Object No.


Object Statement

Gas engine, Bisschop vertical, cast iron/steel, made by J E H Andrew & Co, Stockport, England, 1878-1894

Physical Description

The piston moves in a ribbed cylinder surmounted by a hollow column that serves as a guide for a crosshead attached to the piston rod. A connecting rod joins the crosshead to the crank attached to the drive shaft, which is offset from the axis of the cylinder. As a consequence of the asymmetry of the mechanism, the expansion of gases in the cylinder is more rapid than the exhaust. Driven from an eccentric attached to the drive shaft is a second lever that operates a piston valve for controlling the admission and exhaust of the gases. A flywheel is attached to the drive shaft. The engine is painted green and red, and the base is black.

Operation. When the piston is in its lowest position the pressure in the cylinder is below atmospheric. As the piston ascends during the first 40% of the stroke, gas and air are drawn into the cylinder through metering ports and past flat rubber check valves. A little before halfway, the piston valve exposes a gas pilot flame and the charge in the cylinder is ignited. The pressure of combustion closes the flap valves, but no fire reaches back to the rubber valves because they are upstream of where a combustible mixture is formed. After the piston has passed its top position, the piston valve moves slowly upward and exposes the exhaust port. The inertia of the flywheel carries the piston downward, and the exhaust gases are pushed out through the common cylinder intake and exhaust port.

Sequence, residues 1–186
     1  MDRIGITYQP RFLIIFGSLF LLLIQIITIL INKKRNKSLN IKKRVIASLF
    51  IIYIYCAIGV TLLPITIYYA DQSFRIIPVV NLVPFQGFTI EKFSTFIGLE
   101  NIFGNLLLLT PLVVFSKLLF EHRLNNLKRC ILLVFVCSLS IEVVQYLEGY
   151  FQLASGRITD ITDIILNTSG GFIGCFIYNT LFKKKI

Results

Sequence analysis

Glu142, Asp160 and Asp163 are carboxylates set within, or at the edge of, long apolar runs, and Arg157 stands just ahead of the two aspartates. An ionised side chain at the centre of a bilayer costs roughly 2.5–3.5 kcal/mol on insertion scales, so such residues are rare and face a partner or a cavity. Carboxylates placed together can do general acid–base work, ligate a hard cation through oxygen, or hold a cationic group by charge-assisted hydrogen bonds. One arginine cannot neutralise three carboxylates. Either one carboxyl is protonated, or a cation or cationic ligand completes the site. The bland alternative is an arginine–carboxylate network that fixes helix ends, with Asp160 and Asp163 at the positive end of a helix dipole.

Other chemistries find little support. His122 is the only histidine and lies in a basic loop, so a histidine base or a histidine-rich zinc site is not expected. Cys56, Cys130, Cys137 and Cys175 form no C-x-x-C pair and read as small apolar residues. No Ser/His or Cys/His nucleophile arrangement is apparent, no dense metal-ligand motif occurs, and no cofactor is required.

The ribs around the cylinder allow the engine to cool by radiating heat. The engine has no speed governor, the regulation of speed being achieved through the use of two rubber bags: the larger bag acts as a reservoir, and the passage of gas into the smaller bag can be restricted to control the speed.

The engine's output was two manpower, which is about 250 W or 1/3 horsepower.


2 MAN 961B/ The Bisschop Patent/ J E H ANDREW/ Sole Maker/ Stockport



1460 mm


750 mm


880 mm


340 kg



  • 1878-1894


The engine was patented by Alexis de Bisschop of Paris in 1871 and designed and manufactured under licence by J E H Andrew & Co Ltd, of Stockport, England. Mr Andrew had been impressed with the Bisschop engine exhibited at the 1878 Paris Exhibition.

J E H Andrew & Co Ltd was established in Reddish, Stockport and made over 2000 Bisschop engines between 1878 and 1894. It also made the successful Stockport gas engine. It was taken over by Richard Hornsby & Sons in 1905.



The engine was acquired by Professor Henry Barraclough for use in teaching mechanical engineering students at the University of Sydney.

A number of trials have been conducted on Bisschop engines to test gas consumption. Tests made at the Stockton Exhibition showed gas consumption of 139 cu ft/hp hr (5276 L/kW hr). Other tests on a ½hp engine showed gas consumption of 74 cu ft/hp hr (2808 L/kW hr).


Credit Line

Gift of University of Sydney, 1955

Acquisition Date

15 April 1955

Cite this Object


Bisschop gas engine by J.E.H. Andrew, Stockport, England 2020, Museum of Applied Arts & Sciences, accessed 19 October 2020, <>


{{cite web |url= |title=Bisschop gas engine by J.E.H. Andrew, Stockport, England |author=Museum of Applied Arts & Sciences |access-date=19 October 2020 |publisher=Museum of Applied Arts & Sciences, Australia}}